It was Melissa McCarthy's third time hosting SNL, but the focus of the night wasn't on the comedian's welcome return. Saturday also markedSeth Meyers' last episode after more than a decade on the series.
While the episode featured some real duds (we're looking at you, "Art Exhibit"), Meyers' goodbye and McCarthy's delightful absurdity made it an episode worth watching. Check out the best sketches below.
FX's new comedy Chozen touts itself for featuring "the world's first gay, white, animated rapper," but star Bobby Moynihan says his character's sexuality never defines him.
"It's not what the show is about. It's not very heavy-handed on the politics or anything," the SNL star tells TVGuide.com. "There's a couple lines in the second episode where he wanders into an LGBT meeting and they're asking him if he's gay or bisexual and he says, 'Why are you trying to label us?' ... I feel like it's not such a crazy thing anymore and it shouldn't be."
In addition to adding Sasheer Zamata to its cast, Saturday Night Live has hired two new black female writers. According to The Hollywood Reporter, LaKendra Tookes and Leslie Jones will start work on the sketch show on Monday.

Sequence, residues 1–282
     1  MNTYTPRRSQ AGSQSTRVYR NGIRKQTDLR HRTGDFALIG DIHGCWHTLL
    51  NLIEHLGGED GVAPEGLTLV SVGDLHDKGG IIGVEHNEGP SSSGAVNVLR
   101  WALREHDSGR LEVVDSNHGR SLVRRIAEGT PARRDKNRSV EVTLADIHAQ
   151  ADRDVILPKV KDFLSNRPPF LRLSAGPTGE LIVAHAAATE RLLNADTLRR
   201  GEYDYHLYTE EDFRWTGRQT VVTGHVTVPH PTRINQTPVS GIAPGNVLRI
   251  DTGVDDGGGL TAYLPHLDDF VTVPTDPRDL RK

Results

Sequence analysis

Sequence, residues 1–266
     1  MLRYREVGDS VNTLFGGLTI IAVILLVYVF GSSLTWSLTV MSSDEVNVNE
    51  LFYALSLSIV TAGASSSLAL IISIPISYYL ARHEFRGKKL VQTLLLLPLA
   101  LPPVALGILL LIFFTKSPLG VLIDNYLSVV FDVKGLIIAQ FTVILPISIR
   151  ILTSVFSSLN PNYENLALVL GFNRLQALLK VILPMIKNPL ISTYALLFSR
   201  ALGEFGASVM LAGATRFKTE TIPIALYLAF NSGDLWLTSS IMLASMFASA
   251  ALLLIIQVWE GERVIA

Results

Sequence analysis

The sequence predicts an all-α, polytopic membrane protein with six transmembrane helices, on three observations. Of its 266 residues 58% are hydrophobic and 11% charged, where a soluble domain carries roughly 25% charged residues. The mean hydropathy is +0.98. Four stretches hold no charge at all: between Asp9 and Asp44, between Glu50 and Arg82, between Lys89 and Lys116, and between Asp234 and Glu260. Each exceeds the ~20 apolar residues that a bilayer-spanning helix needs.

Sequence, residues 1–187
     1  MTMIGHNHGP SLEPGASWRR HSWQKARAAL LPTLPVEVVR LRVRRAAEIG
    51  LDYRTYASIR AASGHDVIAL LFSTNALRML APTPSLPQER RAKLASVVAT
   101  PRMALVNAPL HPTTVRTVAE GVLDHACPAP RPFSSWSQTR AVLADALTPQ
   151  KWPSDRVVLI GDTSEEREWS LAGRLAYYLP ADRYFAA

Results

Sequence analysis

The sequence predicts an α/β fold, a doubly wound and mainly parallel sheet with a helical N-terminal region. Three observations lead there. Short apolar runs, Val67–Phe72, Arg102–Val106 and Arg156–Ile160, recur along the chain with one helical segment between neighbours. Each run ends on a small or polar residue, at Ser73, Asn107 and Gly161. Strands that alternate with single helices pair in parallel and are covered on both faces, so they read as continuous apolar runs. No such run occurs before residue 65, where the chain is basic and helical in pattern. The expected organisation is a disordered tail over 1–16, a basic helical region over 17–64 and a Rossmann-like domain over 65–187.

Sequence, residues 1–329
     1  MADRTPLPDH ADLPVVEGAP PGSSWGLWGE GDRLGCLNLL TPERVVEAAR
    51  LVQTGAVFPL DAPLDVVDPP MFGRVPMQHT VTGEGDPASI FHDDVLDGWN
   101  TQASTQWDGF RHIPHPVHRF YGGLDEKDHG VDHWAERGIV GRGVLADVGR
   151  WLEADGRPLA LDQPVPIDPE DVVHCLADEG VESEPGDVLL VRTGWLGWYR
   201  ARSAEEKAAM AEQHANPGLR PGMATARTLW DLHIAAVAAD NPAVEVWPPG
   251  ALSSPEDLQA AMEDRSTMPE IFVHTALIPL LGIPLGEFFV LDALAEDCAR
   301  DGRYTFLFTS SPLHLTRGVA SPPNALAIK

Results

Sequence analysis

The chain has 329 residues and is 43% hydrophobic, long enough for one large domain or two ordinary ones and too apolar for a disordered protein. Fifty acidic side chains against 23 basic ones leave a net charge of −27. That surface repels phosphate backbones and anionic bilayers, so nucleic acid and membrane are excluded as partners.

Both comedians were discovered during the recent auditions Lorne Michaels held in response to criticism of the show's lack of diversity.
Lorne Michaels took the first step in fixing Saturday Night Live's diversity problem by hiringSasheer Zamata earlier this week, making the Upright Citizens Brigade alum the first black female cast member on the series since Maya Rudolph left in 2007. Zamata will face extra pressure, thanks to the ongoing controversy surrounding SNL's whitewashed cast, but new co-star Bobby Moynihan has full faith she'll be able to handle it with ease.
"I've seen her perform at UCB and I've never seen a more beautiful, confident person onstage than Sasheer," Moynihan tells TVGuide.com. "I think we're very, very lucky to get her."
Live from New York, it's...NBC's hottest show? After nearly 40 years on the air and countless cast changes — including the losses of Kristen Wiig, Andy Samberg, Bill Hader, Jason Sudeikis, Fred Armisen and (soon) Seth Meyers in the last two seasons alone — Saturday Night Live routinely ranks as one of the Peacock Network's highest-rated series in the advertiser-coveted 18-to-49 age demographic (just below The Voice, The Blacklist and Chicago Fire). This...